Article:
This track record is proof that the path to the ownership society laid out by Ronald Reagan is neither absolutely smooth nor without risk. But the fact remains that the growth rate of net worth has averaged 7.4% through 26 years in spite of setbacks (and, by far, the worst losses were engendered by the Clinton Bubble). There may well be a minor recession ahead but it is neither necessary (as was the Reagan recession) nor apt to be other than minor.

Houses aren't vaporware and the actual overbuild in housing amounts to much less than a year's worth of product. Shelter isn't an expense that can be postponed indefinitely, and population growth alone posits a requirement of 1.25 million new units per year (based upon the occupancy rate of 2.4 persons per unit, which has been relatively steady for forty years). Add the exodus from states such as Michigan, where Democratic governance in partnership with unions has successfully destroyed the possibility of growth in employment, toss in 1/2 per cent of existing stock annual replacement rate and the new housing "need" number rises to 1.7 million units.

Having lived through every one of the minor setbacks enumerated above, I have absolutely no fear of what the future may bring under Republican political leadership.

I cannot say the same if another unskilled, unaccomplished and unpromising Democrat were to recapitulate the miserable period of Carter's inept presidency.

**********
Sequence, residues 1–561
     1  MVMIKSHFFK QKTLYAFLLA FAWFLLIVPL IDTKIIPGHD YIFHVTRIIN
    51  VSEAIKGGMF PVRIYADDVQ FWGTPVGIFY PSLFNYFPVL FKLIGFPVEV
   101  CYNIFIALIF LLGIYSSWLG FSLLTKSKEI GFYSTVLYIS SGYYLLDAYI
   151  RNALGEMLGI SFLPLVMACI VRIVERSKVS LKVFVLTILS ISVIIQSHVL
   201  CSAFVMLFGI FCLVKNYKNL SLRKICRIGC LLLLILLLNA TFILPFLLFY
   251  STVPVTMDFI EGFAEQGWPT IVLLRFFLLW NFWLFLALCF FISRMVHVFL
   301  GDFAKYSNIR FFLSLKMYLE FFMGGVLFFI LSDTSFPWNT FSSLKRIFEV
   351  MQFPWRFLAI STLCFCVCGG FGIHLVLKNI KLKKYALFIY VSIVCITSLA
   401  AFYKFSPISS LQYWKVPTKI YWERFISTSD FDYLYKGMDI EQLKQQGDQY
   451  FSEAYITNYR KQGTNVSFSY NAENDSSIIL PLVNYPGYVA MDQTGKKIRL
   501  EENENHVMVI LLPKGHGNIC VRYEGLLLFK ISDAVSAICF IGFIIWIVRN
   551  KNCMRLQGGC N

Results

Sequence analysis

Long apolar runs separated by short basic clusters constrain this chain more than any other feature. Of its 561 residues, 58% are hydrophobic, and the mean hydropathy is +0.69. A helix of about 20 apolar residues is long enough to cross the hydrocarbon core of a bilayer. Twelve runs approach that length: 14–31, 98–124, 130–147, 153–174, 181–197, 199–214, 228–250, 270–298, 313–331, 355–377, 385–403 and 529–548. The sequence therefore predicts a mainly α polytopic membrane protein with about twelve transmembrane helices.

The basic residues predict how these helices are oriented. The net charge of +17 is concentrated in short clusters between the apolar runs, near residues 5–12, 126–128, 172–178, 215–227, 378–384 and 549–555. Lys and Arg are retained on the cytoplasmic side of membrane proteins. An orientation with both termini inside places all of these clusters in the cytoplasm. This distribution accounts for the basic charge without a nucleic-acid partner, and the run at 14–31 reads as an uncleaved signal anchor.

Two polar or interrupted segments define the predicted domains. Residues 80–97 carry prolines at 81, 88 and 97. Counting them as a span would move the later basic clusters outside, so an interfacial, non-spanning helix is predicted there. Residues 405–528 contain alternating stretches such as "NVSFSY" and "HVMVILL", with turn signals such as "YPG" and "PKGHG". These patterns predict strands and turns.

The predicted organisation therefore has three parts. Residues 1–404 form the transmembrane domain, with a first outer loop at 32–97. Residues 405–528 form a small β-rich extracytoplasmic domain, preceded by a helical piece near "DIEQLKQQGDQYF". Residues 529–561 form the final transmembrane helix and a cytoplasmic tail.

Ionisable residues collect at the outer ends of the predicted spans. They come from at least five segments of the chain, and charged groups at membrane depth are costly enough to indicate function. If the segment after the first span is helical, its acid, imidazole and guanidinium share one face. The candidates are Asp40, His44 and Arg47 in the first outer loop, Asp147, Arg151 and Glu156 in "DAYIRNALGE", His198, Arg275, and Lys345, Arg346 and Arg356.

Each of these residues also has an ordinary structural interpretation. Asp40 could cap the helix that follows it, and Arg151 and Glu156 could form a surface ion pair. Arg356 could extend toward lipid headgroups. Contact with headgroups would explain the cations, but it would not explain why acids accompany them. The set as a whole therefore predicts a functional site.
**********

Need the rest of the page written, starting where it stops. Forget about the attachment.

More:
If fear is necessary to force you to the polls, then consider that Carter had a better resume in 1976 than any of the three leading Democrat candidates today could produce if they combined their total accomplishments.


The major media love nothing better than peddling pessimism on the economy, as long as a Republican is president. Given what we read, it's amazing that one doesn't trip over the unemployed selling apples on street corners on a daily basis. Now we have fear mongering within the business press clamoring for a "recession soon" (hopefully no later than next quarter, in order to maximize the negative impact on the Republicans prior to the election).
"Banking analyst Richard Bove at boutique brokerage Punk Ziegel points out that debt in the U.S. economy over the past five years has grown at a pace three times faster than income. Nominal gross-domestic-product growth has advanced at 3% while financial debt has grown at a 9.7% clip to $13.8 trillion."
This sounds alarming, until you examine where the data come from: apples and oranges are being compared.

The "nominal" GDP number used here comes from the Chained Dollar, Bureau of Econmic Analysis statistics while the "financial debt" number is derived from the Federal Reserve Flow of Funds report (buried around page 100, usually). That's the BEA source for the line item "Net Worth of households" which is found in an addenda to a reconciliation report between the Fed and the BEA regarding personal savings. The source for the writer's very necessary quote is conflating an income statement line item with a balance sheet line item in order to generate the appropriate sense of dread to justify a call for "recession soon".